• Religion: 53% stated that they were Christian, 24% said they had no-religion or were atheist, 15% identified as Hindu, 4% Muslim, 2% other and 1% Jewish. When compared with the wider NHS workforce, our sample has higher rates of those practising Hinduism and Christianity.

Figure 1

Ethnicity of BHS survey respondents compared with National Health Service (NHS) workforce. (BHS) British Hip Society.

Perceptions and experiences of our members as they relate to culture, diversity and inclusion.

Barriers experienced in the past

We asked members of the society ‘Have you personally experienced any barriers relating to equality or diversity in your progression within the Hip subspeciality of Trauma & Orthopaedics (T&O) within the past 5 years?’

Twenty-three per cent of our respondents answered ‘yes’ and 77% said ‘no’. Of those people who reported experiencing barriers, most were related to workplace culture (57%) and race (55%), followed by social connections (38%) and gender (19%) (see figure 2).

Figure 2

Equality and diversity barriers experienced by respondents who answered ‘yes’.

Women were more likely to report having experienced barriers compared with other gender groups; 90% of women and 19% of men reported experiencing barriers.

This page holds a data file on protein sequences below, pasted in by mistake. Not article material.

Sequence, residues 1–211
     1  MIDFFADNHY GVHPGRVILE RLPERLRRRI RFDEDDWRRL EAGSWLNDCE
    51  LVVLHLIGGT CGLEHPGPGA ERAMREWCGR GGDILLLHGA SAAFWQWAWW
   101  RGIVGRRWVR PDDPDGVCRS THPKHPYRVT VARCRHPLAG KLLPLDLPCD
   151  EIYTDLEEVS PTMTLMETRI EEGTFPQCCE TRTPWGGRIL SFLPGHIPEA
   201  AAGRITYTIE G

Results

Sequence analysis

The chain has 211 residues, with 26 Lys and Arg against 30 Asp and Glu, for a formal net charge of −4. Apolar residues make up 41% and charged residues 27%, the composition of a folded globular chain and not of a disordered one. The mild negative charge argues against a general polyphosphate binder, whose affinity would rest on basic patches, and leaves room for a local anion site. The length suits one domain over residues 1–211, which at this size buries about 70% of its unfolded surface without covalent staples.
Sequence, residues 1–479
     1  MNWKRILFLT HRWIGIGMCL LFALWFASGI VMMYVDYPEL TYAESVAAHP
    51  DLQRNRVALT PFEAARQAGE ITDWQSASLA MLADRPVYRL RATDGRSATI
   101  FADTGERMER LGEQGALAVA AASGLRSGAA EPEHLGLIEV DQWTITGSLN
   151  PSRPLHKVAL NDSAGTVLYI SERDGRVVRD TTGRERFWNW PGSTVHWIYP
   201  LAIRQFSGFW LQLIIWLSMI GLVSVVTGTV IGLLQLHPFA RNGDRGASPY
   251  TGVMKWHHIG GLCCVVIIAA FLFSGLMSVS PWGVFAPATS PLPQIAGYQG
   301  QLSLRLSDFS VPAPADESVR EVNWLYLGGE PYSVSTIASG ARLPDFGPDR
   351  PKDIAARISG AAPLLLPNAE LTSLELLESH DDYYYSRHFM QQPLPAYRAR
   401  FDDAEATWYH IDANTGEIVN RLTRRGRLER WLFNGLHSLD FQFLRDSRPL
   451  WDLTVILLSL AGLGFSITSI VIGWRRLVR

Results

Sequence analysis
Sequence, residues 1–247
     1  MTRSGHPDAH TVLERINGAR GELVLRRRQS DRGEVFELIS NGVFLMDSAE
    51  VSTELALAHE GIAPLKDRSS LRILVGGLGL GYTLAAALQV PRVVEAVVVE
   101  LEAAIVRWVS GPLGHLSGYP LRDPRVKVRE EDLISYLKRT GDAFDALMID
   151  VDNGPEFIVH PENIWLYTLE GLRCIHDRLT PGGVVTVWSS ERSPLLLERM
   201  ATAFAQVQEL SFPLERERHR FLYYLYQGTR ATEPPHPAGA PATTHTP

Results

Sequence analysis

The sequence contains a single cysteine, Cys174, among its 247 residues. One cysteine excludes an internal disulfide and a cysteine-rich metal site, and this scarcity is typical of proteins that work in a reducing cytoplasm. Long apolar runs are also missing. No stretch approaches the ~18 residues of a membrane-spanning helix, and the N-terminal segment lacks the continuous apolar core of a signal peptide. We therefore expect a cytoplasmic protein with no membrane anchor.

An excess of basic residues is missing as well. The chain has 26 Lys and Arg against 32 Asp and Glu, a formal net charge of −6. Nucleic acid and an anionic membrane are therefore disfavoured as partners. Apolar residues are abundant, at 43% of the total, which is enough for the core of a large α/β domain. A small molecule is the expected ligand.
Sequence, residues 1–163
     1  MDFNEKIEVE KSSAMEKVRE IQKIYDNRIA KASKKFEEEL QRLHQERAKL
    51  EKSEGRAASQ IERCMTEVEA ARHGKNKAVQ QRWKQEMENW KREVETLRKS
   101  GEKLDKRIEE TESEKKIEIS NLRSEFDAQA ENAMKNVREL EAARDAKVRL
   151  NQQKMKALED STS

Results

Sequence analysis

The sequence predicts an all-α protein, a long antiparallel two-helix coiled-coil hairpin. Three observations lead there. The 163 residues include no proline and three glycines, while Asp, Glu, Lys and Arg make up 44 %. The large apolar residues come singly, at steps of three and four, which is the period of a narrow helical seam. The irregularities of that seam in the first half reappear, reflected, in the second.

People who were not White also reported higher rates of having experienced barriers: 75% of mixed-race surgeons reported experience of barriers, as did 52% of Asian or Asian British surgeons, 33% of Black or Black Caribbean surgeons and 10% of White surgeons (see figure 3).

Figure 3

BHS survey: ethnic background of those reporting experience of barriers. BHS, British Hip Society.

Thirty-eight per cent of society members said they had experienced barriers related to social connections within the last 5 years. Of those who reported experiencing exclusion from social interactions, 10% described this as intentional exclusion. Of those who said they had experienced professional exclusion, 9% described this as intentional exclusion (see figure 4).

Figure 4

Experience and perception of: social interactions (left) and professional interactions (right).

Narrative findings

Three prominent themes were derived from analysis of free-text responses: (1) a perceived elitist society, (2) the clique culture in orthopaedics and (3) the pervasiveness of discrimination and banter. Theme 1 refers specifically to the Society, themes 2 and 3 reflect the wider profession of trauma and orthopaedic surgery in the UK.

A perceived elitist society